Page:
I must have looked like a crazy man," said Allen Jerkens, the 33-year-old trainer of Beau Purple last week, not long after his horse had won the $105,200 mile-and-a-quarter Suburban Handicap at New York's Aqueduct racetrack. "Once I saw my horse go under the finish line I started walking around in circles. My mouth was open but I couldn't say anything. My eyes filled up and, oh well, I was just plain flabbergasted."
This is an article from the July 16, 1962 issue
There were 52,000 other people at Aqueduct who were just as flabbergasted when Beau Purple executed one of the biggest racing upsets of modern times by beating Kelso, Carry Back and Garwol in America's top handicap race. "The Suburban," the late Joe H. Palmer once wrote, "is the pearl of the handicaps. There are a few handicaps with more money. But there is no other with such a whispering down the years—'Henry of Navarre, Ben Brush, Beldame, Friar Rock, Grey Lag, Crusader, Equipoise, Eight Thirty, Armed, Assault." [Also Tom Fool, Nashua, Bold Ruler, Sword Dancer and Kelso himself.] There's no owner with money enough to stay in the game, but would rather have the Suburban Trophy than a handful of richer races."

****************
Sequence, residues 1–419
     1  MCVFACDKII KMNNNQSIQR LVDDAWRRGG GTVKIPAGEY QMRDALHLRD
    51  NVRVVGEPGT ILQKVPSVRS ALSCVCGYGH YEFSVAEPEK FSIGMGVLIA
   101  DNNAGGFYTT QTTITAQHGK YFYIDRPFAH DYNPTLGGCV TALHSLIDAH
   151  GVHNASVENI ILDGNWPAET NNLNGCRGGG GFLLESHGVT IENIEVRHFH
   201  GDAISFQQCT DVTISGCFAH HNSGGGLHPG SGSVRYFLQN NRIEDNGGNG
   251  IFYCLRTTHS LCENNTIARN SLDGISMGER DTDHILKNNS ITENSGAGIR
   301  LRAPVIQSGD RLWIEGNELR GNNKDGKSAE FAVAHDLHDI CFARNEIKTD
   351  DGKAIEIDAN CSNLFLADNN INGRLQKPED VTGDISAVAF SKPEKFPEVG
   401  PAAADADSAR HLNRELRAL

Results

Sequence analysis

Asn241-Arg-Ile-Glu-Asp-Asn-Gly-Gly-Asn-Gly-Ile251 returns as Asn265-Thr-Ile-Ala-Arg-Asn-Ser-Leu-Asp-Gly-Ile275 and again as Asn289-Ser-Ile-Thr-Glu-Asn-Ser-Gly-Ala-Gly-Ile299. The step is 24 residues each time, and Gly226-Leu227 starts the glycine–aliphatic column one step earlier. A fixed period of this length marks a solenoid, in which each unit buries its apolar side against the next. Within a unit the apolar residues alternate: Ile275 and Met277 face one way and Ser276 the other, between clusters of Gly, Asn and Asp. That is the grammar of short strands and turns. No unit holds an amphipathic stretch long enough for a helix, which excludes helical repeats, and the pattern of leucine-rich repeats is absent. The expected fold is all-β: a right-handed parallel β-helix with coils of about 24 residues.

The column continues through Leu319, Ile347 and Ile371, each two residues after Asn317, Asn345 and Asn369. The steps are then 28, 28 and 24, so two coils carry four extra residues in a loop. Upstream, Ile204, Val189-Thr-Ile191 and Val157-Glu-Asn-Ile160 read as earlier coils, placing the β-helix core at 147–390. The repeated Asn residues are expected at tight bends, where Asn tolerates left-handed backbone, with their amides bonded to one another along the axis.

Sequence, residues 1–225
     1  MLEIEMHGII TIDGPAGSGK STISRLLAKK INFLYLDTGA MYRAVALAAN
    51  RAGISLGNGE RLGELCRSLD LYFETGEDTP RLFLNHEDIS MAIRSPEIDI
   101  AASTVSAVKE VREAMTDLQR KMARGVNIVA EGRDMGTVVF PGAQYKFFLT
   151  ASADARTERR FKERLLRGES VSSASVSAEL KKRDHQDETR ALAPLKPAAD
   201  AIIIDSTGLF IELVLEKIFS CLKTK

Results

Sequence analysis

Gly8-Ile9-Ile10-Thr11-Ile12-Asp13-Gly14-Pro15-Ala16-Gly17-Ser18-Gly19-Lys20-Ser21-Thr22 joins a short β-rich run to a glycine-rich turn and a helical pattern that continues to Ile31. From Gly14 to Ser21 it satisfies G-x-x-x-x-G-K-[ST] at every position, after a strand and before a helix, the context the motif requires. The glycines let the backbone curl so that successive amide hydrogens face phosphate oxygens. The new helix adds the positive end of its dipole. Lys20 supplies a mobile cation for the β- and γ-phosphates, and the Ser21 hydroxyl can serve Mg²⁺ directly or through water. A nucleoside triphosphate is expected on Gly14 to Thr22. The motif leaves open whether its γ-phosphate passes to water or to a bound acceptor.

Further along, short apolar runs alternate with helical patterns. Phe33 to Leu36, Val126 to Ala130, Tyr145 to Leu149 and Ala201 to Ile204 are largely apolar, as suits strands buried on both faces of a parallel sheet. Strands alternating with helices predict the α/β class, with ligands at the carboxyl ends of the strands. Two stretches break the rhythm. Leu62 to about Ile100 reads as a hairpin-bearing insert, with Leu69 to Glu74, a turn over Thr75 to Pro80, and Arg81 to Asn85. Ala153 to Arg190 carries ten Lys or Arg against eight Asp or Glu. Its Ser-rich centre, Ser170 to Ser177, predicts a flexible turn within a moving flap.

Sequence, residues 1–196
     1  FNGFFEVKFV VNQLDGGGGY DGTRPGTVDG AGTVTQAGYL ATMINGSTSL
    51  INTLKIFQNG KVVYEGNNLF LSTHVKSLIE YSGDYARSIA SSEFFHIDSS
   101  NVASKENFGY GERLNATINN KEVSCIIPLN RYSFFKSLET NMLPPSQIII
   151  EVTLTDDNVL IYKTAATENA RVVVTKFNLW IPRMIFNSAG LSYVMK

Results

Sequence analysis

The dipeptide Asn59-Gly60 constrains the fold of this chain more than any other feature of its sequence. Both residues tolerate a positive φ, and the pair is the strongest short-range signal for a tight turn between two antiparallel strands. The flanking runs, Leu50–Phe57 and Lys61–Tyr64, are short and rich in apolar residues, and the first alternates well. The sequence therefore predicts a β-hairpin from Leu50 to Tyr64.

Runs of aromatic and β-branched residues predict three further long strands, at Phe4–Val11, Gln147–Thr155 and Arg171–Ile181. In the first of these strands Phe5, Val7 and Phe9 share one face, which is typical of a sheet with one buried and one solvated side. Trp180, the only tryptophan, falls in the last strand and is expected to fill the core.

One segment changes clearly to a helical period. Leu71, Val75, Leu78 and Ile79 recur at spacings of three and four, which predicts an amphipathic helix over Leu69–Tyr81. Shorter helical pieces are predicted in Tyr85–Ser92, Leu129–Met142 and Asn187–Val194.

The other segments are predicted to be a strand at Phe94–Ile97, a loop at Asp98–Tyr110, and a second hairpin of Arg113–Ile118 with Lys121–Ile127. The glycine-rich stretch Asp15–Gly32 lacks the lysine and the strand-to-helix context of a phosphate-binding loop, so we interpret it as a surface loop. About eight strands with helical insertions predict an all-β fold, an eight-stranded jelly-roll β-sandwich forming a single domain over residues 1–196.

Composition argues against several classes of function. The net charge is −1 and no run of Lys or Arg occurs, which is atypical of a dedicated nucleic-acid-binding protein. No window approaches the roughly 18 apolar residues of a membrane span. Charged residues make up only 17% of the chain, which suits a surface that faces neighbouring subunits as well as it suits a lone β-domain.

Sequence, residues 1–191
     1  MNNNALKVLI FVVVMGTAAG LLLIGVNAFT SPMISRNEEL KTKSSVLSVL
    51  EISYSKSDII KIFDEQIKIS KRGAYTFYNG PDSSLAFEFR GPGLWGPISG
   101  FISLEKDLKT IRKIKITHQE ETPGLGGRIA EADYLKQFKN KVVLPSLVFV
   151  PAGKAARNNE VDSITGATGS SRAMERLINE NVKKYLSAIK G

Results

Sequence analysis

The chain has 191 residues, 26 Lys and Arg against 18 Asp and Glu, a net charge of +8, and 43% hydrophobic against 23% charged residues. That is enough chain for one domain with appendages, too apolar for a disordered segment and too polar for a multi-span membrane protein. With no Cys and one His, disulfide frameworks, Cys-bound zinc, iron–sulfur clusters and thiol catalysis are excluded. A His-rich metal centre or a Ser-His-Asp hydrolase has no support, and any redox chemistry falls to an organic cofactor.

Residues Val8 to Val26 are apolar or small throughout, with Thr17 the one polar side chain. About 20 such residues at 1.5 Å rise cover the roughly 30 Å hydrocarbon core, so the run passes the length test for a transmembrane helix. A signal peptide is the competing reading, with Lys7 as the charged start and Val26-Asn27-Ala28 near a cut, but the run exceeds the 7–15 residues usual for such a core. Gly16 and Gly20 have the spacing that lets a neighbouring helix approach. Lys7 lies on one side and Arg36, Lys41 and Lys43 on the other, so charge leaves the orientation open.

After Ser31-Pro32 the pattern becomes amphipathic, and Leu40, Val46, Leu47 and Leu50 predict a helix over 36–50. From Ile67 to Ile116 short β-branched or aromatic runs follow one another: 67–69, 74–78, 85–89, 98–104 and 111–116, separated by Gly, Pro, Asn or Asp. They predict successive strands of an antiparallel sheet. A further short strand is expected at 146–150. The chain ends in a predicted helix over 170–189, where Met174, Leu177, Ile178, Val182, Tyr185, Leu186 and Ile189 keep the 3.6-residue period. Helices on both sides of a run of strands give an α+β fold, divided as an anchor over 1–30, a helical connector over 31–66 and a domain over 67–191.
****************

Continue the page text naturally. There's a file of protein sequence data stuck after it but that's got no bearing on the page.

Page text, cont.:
The 76th Suburban was primarily to be the meeting ground for Kelso (the only horse since Whirlaway to be twice named Horse of the Year) and Carry Back (one of four horses in history ever to win over $1 million). Both Kelso and Carry Back ran well, but Beau Purple, abetted by Allen Jerkens and Bill Boland—the most successful trainer and jockey team in racing this year—stole the race.
When Jerkens and Boland started winning races together at last winter's Tropical Park meeting in Florida hardly an eyebrow was raised. After all, Tropical is one of the smaller racing rooms. This spring, however, they began to get winners in the biggest room of all, Aqueduct. In the first nine days of the meeting they won eight races and by the time the meeting had ended, Jerkens led all the trainers with 31 winners, and Boland had ridden 28 of them. When the horses moved to Belmont Park, Jerkens again led the trainers with 11 winners and Boland was on five of them. A bad spill, which set him afoot for a week, cost him more.
A big horse
At the end of last week Jerkens, with 46 winners, was high atop the trainers' standings with no one even close to him, and Boland, who had been depressed and singularly unsuccessful for the last two seasons in New York, was the third-leading rider, with 63 winners.
While Boland and Jerkens were certainly winning races this year, they still needed a "big horse" to focus national attention on them. A month ago Jack Dreyfus Jr., a Wall Street broker, gave them that big horse, Beau Purple, a 5-year-old brown stallion. Beau had won the Derby Trial in 1960 but injured himself and never got to the Derby. In 1961 he couldn't win in four starts, and this season he couldn't beat top company or stretch himself out over a distance greater than a mile and one-eighth.